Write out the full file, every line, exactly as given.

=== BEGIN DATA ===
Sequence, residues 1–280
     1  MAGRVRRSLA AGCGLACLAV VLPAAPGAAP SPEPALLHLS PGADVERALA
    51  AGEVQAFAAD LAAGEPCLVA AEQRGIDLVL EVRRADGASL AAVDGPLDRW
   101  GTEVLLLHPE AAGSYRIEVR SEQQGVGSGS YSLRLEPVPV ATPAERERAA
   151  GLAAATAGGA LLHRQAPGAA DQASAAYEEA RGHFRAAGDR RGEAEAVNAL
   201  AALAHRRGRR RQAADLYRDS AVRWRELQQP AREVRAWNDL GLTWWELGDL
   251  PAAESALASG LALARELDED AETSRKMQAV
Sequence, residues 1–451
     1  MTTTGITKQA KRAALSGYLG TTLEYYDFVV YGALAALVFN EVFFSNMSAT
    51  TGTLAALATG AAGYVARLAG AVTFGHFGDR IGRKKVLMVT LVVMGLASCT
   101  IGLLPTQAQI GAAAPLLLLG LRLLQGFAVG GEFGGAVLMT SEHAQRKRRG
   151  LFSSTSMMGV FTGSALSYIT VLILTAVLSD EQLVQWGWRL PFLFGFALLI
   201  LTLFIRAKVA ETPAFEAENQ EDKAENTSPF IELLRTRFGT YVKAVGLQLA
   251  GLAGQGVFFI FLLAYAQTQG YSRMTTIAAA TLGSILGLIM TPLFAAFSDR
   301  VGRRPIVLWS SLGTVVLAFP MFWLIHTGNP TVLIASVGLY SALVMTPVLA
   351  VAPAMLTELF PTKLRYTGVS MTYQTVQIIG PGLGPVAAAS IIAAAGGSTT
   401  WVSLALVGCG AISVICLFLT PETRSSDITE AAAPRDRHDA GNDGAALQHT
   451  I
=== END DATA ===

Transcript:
Sequence, residues 1–280
     1  MAGRVRRSLA AGCGLACLAV VLPAAPGAAP SPEPALLHLS PGADVERALA
    51  AGEVQAFAAD LAAGEPCLVA AEQRGIDLVL EVRRADGASL AAVDGPLDRW
   101  GTEVLLLHPE AAGSYRIEVR SEQQGVGSGS YSLRLEPVPV ATPAERERAA
   151  GLAAATAGGA LLHRQAPGAA DQASAAYEEA RGHFRAAGDR RGEAEAVNAL
   201  AALAHRRGRR RQAADLYRDS AVRWRELQQP AREVRAWNDL GLTWWELGDL
   251  PAAESALASG LALARELDED AETSRKMQAV
Sequence, residues 1–451
     1  MTTTGITKQA KRAALSGYLG TTLEYYDFVV YGALAALVFN EVFFSNMSAT
    51  TGTLAALATG AAGYVARLAG AVTFGHFGDR IGRKKVLMVT LVVMGLASCT
   101  IGLLPTQAQI GAAAPLLLLG LRLLQGFAVG GEFGGAVLMT SEHAQRKRRG
   151  LFSSTSMMGV FTGSALSYIT VLILTAVLSD EQLVQWGWRL PFLFGFALLI
   201  LTLFIRAKVA ETPAFEAENQ EDKAENTSPF IELLRTRFGT YVKAVGLQLA
   251  GLAGQGVFFI FLLAYAQTQG YSRMTTIAAA TLGSILGLIM TPLFAAFSDR
   301  VGRRPIVLWS SLGTVVLAFP MFWLIHTGNP TVLIASVGLY SALVMTPVLA
   351  VAPAMLTELF PTKLRYTGVS MTYQTVQIIG PGLGPVAAAS IIAAAGGSTT
   401  WVSLALVGCG AISVICLFLT PETRSSDITE AAAPRDRHDA GNDGAALQHT
   451  I